Wednesday, 13 February 2013

Failure, Rejection and How to Move On

Failure, Rejection and How to Move On

Today with my diploma students I was discussing failure. It's a fairly meaty subject, and one that people respond to differently.

In the creative sector, we fail all the time. 

I failed at least ten times last week alone; rejection of work to blogs, (My Modern Met) a drawing mistake during a work-in-progress, (private commission) and perhaps worst of all, failure to help an old lady I saw on the street cross the road.  Seriously - her forlone image haunted me all the way home.  So much so, that I wanted to head back the way I had come in the hope that she was still there, just so that I could redeem myself. 

And so, today with my students, I asked them all to identify a moment in their lives where they believed they had failed, and invited them to share with everyone in the room how they dealt with it.

I received a variety of different answers, many varying situations; job interviews gone wrong, relationships broken apart, feeling like an inadequate parent. 

Russell and

The list went on, and on. 

The more we discussed it, and the more 'failures' we shared, it was clear that all these forays of misadventure had one thing in common; in one way or another, every one of my students had learned from the experience.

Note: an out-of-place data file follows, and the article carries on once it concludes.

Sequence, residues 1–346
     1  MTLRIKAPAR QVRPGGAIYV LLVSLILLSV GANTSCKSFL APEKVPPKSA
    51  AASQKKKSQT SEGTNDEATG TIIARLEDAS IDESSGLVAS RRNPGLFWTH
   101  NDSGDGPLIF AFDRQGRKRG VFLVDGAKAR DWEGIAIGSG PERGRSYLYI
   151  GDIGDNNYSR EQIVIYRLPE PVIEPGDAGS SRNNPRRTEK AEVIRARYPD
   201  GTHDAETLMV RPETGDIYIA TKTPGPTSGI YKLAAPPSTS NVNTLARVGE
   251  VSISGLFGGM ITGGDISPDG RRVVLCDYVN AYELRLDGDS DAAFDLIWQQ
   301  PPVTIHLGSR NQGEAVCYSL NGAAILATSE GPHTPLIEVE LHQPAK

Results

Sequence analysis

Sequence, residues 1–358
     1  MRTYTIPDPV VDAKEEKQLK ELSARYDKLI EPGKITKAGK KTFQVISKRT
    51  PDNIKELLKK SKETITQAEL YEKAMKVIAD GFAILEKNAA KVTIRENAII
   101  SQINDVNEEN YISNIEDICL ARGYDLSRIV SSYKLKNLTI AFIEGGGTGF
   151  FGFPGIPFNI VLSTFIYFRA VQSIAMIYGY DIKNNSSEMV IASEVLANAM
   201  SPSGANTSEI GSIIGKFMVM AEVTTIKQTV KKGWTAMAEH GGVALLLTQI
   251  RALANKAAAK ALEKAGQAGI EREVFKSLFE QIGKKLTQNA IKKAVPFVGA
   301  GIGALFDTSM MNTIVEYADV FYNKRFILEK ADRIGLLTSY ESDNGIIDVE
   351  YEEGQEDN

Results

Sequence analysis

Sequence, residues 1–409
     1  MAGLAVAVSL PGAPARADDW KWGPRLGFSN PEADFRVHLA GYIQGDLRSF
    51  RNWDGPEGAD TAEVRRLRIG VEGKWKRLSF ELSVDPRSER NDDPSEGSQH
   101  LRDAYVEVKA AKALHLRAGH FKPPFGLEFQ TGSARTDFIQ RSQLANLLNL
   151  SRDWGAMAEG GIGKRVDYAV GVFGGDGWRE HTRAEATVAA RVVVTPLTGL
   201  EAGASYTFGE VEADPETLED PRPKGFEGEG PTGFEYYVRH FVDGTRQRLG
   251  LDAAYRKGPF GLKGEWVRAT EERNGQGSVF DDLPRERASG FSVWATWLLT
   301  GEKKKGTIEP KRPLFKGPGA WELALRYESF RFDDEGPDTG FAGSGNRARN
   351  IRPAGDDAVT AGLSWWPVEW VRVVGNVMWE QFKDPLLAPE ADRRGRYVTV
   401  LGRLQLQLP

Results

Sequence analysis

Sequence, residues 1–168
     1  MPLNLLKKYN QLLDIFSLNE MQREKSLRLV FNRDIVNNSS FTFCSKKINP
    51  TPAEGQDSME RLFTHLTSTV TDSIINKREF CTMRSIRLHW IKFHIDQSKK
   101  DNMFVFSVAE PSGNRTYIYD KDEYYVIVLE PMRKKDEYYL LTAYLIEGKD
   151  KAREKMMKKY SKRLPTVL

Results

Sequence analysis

We use failure as an important learning device everyday, whether we realise it or not. 

My rejection from My Modern Met had me panicked, and that panic, coupled with a fierce desire to prove my worth, resulted in my landing my next big job (long story!) 

A student in my class was rejected from their dream course, and then landed a coveted place at one of the best colleges in the country, through the same frenzied desire to prove himself.

I'm not sure where I'm going with this, but I guess I'm trying to say: embrace your failures. They were probably meant to happen. Your defeat will only make you work harder, be better, and in the end, result in you becoming more awesome.

To see some of my (occasionally rejected!) work, check out my new Tumblr page! 

End : )


  1. My failure, or at least my most recent one, was to read this post yesterday when I first saw the link. I have now redeemed myself. Thank you for the wonderful words. Mistakes, which are failure by a different name, have often lead to advancements in science and medicine, new forms or directions for art, and the list goes on. Failure or loss isn't the end of life, but the next step on the ladder.

    1. Thanks Craig! So glad it's useful. I always find I go through ups and downs with this kind of work, but it's always good to remember that failure is a big part of getting better. : )